## Compactifications

There’re lots of similarities between completeness and compactness, beyond the superficial resemblance of the words. For example, a closed subset of a compact (resp. complete) space is also compact (resp. complete). Two differences though:

• compactness is a topological concept while completeness depends on the underlying metric;
• compact metric spaces are complete (proposition 4 here) but not vice versa.

[ Intuitively, complete metric spaces can become unbounded and thus fail to be compact. But merely boundedness is not enough to ensure compactness, since any metric can be massaged to a bounded one without affecting the underlying topology. Indeed, it turns out a metric space is compact if and only if it’s complete and totally bounded. We won’t prove that here, but the interested reader may attempt it (it’s not too hard). ]

Also, any metric space can be “filled out” to give a completion. Likewise, can we compactify a general topological space?

Definition. A compactification of a topological space X is a compact space Y containing X, such that $X\hookrightarrow Y$ is a dense subspace of Y. Upon doing that, we immediately run into the problem of uniqueness, i.e. the completion is unique while the compactification isn’t. E.g. (0, 1) can be compactified to give both [0, 1] and the unit circle $S^1 := \{(x,y)\in\mathbf{R}^2 : x^2 + y^2 = 1\}.$

Nonetheless, let’s continue exploring compactifications. The easiest way is to add just one point.

## One-Point Compactifications

Task. Given a topological space X, we wish to construct a compact space Y by appending one point: $Y = X \cup \{\infty\}.$ This is called a one-point compactification of X.

Examples.

1. A one-point compactification of (0, 1) (or R) is given by the circle $S^1 := \{ (x,y)\in\mathbf{R}^2 : x^2+y^2=1\}$ in the plane.
2. A one-point compactification of [0, 1) is given by [0, 1].
3. A one-point compactification of $(0, 1) \cup (2, 3)$ is given by the union of two circles which are tangent to each other.
4. A one-point compactification of the plane R2 is given by the 2-sphere $\{(x,y,z)\in\mathbf{R}^3 : x^2+y^2+z^2=1\}$ in 3-space.

Describing the Topology of Y

What would the topology of Y look like? We’ll start by making a reasonable assumption: that X is open in Y (i.e. {∞} is closed in Y). Now, given any open subset V of Y.

• If $\infty\not\in V,$ then V is an open subset of Y contained in X, so V is open in X.
• If $\infty\in V$, then C := YV is closed in X. Also C is compact since it’s a closed subset of the compact space Y.

This inspires us to define open subsets of Y as follows:

• not containing ∞: open subsets U of X, or
• containing ∞: sets YC, where C is a closed subset of X which is compact.

Checking that this gives us a topology.

• Indeed, a union of sets of the first type is of the first type.
• A union of sets of the second type $\cup_i (Y-C_i) = Y-\cap_i C_i$ is of the second type (it’s compact since ∩Ci is closed is closed in each Ci).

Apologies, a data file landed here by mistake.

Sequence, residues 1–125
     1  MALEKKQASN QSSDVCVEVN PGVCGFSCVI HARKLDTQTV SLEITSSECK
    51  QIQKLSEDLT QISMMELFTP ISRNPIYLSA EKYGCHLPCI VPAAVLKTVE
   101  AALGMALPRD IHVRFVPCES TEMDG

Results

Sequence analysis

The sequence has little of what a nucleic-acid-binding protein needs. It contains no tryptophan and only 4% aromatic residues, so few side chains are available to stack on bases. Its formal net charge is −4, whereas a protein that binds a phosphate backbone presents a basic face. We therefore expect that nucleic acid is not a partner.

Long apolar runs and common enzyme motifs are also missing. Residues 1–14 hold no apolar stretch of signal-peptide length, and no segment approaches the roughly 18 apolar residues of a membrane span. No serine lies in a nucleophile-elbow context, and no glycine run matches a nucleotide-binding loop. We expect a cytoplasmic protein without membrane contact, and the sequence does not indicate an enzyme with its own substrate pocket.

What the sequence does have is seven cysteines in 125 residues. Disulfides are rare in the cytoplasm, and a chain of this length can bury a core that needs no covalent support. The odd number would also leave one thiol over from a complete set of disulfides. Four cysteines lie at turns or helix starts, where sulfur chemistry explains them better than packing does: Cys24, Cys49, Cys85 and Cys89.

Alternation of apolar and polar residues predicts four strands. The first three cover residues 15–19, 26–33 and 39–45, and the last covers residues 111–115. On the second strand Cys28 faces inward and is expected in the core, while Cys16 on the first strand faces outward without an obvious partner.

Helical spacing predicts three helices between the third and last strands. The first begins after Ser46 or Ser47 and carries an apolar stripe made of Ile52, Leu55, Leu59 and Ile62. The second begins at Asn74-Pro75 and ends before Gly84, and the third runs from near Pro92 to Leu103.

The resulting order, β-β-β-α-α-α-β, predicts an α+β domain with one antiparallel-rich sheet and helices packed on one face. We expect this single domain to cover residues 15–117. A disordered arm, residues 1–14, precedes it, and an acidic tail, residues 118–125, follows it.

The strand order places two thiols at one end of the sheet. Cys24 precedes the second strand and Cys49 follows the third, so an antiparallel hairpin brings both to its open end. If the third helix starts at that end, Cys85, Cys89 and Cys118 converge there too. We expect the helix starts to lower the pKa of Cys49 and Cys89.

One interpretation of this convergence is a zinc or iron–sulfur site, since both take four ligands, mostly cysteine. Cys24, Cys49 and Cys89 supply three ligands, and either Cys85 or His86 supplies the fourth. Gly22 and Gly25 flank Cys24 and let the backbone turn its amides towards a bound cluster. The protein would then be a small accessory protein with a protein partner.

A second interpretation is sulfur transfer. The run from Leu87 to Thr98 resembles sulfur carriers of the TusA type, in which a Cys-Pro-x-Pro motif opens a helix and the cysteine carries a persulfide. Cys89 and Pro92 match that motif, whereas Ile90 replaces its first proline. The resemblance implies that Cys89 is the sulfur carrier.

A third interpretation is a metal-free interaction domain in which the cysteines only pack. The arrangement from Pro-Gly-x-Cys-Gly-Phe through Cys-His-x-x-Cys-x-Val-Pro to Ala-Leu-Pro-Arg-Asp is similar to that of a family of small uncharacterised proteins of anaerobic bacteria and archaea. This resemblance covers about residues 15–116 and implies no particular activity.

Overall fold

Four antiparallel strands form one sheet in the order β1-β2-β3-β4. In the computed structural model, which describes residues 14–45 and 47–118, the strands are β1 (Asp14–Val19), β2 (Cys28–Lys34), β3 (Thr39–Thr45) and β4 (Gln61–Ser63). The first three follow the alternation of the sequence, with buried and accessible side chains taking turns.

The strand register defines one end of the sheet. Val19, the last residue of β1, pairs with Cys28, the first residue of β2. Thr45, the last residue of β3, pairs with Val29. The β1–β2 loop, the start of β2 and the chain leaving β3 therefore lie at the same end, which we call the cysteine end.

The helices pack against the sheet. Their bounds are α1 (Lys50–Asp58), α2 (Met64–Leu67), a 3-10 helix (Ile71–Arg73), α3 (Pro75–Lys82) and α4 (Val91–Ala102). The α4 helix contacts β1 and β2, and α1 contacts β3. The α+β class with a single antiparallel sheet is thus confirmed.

• Finally, $U\cup (Y-C) = Y-(C\cap (X-U))$ and C ∩ (XU) is closed in X and compact since it’s a closed subset of C.

Obviously, X is open in Y and has the subspace topology.

Showing that Y is compact.

Let $Y = (\cup_i U_i) \cup (\cup_j (Y-C_j))$ be an open cover. Then there’s at least one Cj, and $C_j \subseteq (\cup_i U_i) \cup (\cup_{j'\ne j} (Y-C_{j'})).$

Since Cj is compact, it has a finite subcover. Together with YCj, this forms a finite subcover of Y.

Definition. The above construction is called the Alexandroff extension of the space X. It extends X by one point to give a compact space Y. ## Examples and Properties

1. Suppose X = (0, 1). We map its Alexandroff extension $f:Y\to S^1$ by $t\mapsto (\cos(2\pi t), \sin(2\pi t))$ and $\infty \mapsto (1, 0).$ Clearly f is continuous outside ∞. For continuity at ∞, an open subset containing (1, 0) must contain the set V of $(\cos(2\pi t), \sin(2\pi t)),$ $-\epsilon for some ε>0. Then $f^{-1}(V)$ is the set $Y - [\epsilon, 1-\epsilon]$ which is open in the Alexandroff extension. Now we’ll finish the proof by a trick.

Lemma. If X is a compact space, Y is Hausdorff, and $f:X\to Y$ is a bijective continuous map, then f is a homeomorphism.

Proof.

Continuity means $f^{-1}$ maps closed subsets to closed subsets. It suffices to show f maps closed subsets to closed subsets. But if C is closed in X, then C is compact and thus f(C) is compact. Since Y is Hausdorff, f(C) is closed in Y. Done. ♦

1. Let’s take the second example $X=[0,1)$. Map the Alexandroff extension $f:Y \to [0,1]$ by taking t to itself and ∞ to 1. Once again f is continuous outside ∞. For continuity at ∞, an open subset containing 1 in [0, 1] must also contain V = (1-ε, 1] for some ε>0. But then $f^{-1}(V) = Y - [0, 1-\epsilon]$ which is open in the Alexandroff extension. Hence f is continuous and we invoke the above lemma to show that it is a homeomorphism.